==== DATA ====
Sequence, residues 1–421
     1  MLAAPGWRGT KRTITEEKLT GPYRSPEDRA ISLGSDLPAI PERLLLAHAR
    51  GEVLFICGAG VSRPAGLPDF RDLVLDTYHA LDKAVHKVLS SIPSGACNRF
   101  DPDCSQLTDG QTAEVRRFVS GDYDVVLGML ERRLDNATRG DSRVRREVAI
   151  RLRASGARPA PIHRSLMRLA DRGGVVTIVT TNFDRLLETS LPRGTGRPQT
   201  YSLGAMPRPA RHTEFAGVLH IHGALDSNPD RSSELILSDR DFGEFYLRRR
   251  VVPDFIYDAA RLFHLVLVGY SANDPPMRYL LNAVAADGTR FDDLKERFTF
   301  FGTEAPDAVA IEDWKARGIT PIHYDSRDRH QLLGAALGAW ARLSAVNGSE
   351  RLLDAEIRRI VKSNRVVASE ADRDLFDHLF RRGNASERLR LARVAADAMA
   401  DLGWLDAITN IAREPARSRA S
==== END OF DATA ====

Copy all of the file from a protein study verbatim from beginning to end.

Sequence, residues 1–421
     1  MLAAPGWRGT KRTITEEKLT GPYRSPEDRA ISLGSDLPAI PERLLLAHAR
    51  GEVLFICGAG VSRPAGLPDF RDLVLDTYHA LDKAVHKVLS SIPSGACNRF
   101  DPDCSQLTDG QTAEVRRFVS GDYDVVLGML ERRLDNATRG DSRVRREVAI
   151  RLRASGARPA PIHRSLMRLA DRGGVVTIVT TNFDRLLETS LPRGTGRPQT
   201  YSLGAMPRPA RHTEFAGVLH IHGALDSNPD RSSELILSDR DFGEFYLRRR
   251  VVPDFIYDAA RLFHLVLVGY SANDPPMRYL LNAVAADGTR FDDLKERFTF
   301  FGTEAPDAVA IEDWKARGIT PIHYDSRDRH QLLGAALGAW ARLSAVNGSE
   351  RLLDAEIRRI VKSNRVVASE ADRDLFDHLF RRGNASERLR LARVAADAMA
   401  DLGWLDAITN IAREPARSRA S